10 Track, LP (2010, Departed Sounds)
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Related: Lindsay Phillips.
All wobbly warble and throaty swallow, Lindsay Phillips sings as if he’s endured every hardship chronicled in his ominous lyrics. His CV includes time in death metal bands, which surely informed the uncompromising grimness of this debut solo album. And yet the Melbourne songwriter doesn’t go in for cheap thrills or readymade murder ballads. His lyrics are as threadbare as the album itself – most often just Phillips’ voice and acoustic guitar – and he tells stories in shadowy, blink-and-miss-them snatches. He begins by singing of tidal waves and weeping sores, and later it’s bloodied tunics and “deadwood, wreaths and knives”. No wonder the album’s title is Swedish for “warning”: these cautionary tales would serve as well in post-apocalyptic times as in Biblical ones.
That’s not to scare anyone off. Phillips renders his songs in a way that actually makes them feel comforting. A low hum of vocal harmonies emerges when he needs a sort of angel on his shoulder, and guest Melissa O’Rourke sings back-up to similar effect on three songs. His guitar is as much a guide as anything, twanging with melody as Phillips carves a touching, quivering chorus from the waking nightmare of ‘In Your Arms’. His voice can also flutter with a real vulnerability, lightening the load of those heavy lyrics. There’s even a breezy affability to ‘Legion’ and ‘Infinality’, and ‘When The Spirit Dies Young’ is about grasping for a lifeline whether it’ll do any good or not. It feels at once like a rickety folk standard and, of all things, the album’s best chance for radio play.
Whether describing burials or barbed wire, Phillips writes songs that are melancholic, wise and useful. The sheer character of his voice can distract from his lyrics, but it also grabs hold right away and doesn’t much loosen its grip with time. Following two self-released EPs from Phillips, Varning is the first release on the new Melbourne label Departed Sounds, started up by publicist Ash Sambrooks and songwriter Andrew Keese. It was recorded two years ago, and Phillips has already written and partially demoed a follow-up album, Taedium Vitae. Off-putting at first glance, the cover image of Varning was salvaged from a Prague bazaar because Phillips thought it fit the album. And true enough, it speaks to the old-soul weariness seeping through the songs.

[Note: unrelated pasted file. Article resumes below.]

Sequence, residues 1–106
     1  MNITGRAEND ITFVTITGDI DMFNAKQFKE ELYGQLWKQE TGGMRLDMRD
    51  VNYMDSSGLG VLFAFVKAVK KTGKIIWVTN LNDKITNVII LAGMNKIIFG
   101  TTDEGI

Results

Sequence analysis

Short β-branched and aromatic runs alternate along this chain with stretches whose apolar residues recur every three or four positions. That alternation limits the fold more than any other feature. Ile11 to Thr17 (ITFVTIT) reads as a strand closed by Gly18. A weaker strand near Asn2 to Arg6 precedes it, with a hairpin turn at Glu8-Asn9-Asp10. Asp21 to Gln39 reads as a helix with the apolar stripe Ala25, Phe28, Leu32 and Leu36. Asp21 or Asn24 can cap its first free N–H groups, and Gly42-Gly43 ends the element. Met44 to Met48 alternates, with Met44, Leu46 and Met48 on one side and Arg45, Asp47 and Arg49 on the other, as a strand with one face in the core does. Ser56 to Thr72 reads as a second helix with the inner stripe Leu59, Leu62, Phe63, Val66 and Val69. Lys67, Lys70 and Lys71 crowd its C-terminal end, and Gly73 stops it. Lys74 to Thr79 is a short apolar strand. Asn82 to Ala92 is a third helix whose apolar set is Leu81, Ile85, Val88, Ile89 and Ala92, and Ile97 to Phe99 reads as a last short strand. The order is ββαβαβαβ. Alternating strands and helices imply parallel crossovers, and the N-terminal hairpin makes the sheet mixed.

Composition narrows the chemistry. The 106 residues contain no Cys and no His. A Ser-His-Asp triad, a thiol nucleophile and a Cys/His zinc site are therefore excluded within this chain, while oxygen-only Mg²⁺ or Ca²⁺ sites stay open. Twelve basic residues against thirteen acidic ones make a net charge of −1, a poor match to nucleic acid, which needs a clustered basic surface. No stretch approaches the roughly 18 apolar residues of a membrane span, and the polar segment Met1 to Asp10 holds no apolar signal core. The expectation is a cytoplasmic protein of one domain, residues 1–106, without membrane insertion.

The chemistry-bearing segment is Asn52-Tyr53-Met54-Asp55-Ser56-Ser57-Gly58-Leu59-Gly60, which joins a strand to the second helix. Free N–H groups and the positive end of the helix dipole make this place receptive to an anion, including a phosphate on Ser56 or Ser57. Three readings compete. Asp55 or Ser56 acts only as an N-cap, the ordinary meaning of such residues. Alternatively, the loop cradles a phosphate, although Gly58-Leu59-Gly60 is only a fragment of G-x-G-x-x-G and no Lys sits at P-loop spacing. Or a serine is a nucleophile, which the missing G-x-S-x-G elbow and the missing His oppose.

By never specifying an era or geographical setting in his lyrics, however, Phillips gives his dark tales a universal quality that’s missing from so many of today’s period-costumed folk revivalists. The harrowing subject matter is delivered more as a point of fact than as some spooky campfire story. Phillips seems to dream himself into the blackest of lyrical scenarios just for the challenge of hunting down any available sliver of hope. And even against daunting odds, he always finds one.
by Doug Wallen